Do I need a disability attorney for a long-term disability insurance claim?

Whether you have a long-term disability insurance policy purchased through a private insurance broker or a group policy purchased with your employer, filing a claim for long-term insurance is a complex process.

The wording of LTD policies can be confusing and the laws and regulations which affect the two types of LTD insurance differ in their procedures for filing claims and appeals. An experienced LTD attorney with thorough knowledge of ERISA laws and regulations will avoid mistakes and increase your chance of success. An attorney will act on your behalf, completing your application and filing your claim in a timely manner. They can also negotiate a settlement or file an appeal for you. If it becomes necessary to file suit, an LTD attorney can prepare your case against an insurer. Most LTD attorneys handle cases on a contingency basis and charge approximately 25%-40% of a claimant’s past due benefits. You do not pay an attorney’s fee unless the attorney wins your case.

If you have chronic liver disease and it has prevented you from working, you may be eligible for Social Security Disability benefits, but Social Security’s criteria for determining disability with liver disease can be complex.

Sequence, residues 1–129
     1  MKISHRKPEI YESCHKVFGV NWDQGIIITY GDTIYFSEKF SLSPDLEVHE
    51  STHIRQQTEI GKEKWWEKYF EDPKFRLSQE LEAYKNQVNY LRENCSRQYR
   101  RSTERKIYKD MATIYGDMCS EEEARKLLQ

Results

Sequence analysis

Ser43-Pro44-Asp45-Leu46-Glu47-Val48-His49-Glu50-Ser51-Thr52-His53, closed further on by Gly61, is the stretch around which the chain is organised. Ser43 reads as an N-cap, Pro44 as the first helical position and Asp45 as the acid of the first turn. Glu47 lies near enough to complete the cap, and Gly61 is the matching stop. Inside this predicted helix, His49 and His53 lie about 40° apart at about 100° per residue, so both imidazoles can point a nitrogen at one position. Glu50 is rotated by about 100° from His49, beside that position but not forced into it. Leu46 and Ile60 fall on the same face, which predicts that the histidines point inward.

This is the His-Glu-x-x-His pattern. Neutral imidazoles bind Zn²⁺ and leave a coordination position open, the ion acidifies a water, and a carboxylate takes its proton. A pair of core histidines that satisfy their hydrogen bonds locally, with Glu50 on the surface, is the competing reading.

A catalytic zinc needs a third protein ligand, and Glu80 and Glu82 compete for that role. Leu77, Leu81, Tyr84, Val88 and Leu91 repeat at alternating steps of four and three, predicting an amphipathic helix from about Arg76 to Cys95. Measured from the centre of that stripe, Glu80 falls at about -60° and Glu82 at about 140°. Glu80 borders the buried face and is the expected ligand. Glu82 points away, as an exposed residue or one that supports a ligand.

The attorneys at Bemis, Roach & Reed have wide experience in representing clients at all levels of the Social Security Disability process and in long-term disability insurance cases.

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At The Texas Disability law firm Bemis Roach & Reed, our attorneys are committed to helping injured or disabled clients receive the benefits they deserve. Mr. Roach is AV Preeminent and SuperLawyers rated and has become a recognized leader in the field of Long Term Disability law. Mr Bemis focuses his practice on Social Security disability while Mr Reed handles both LTD and SSDI claims. Both are AV Preeminent and SuperLawyers rated and all our attorneys have been successfully helping people fight for their rights against big insurance companies and the government since 1993. If you have applied for benefits and been denied call 512-454-4000 for a free consultation and get help NOW.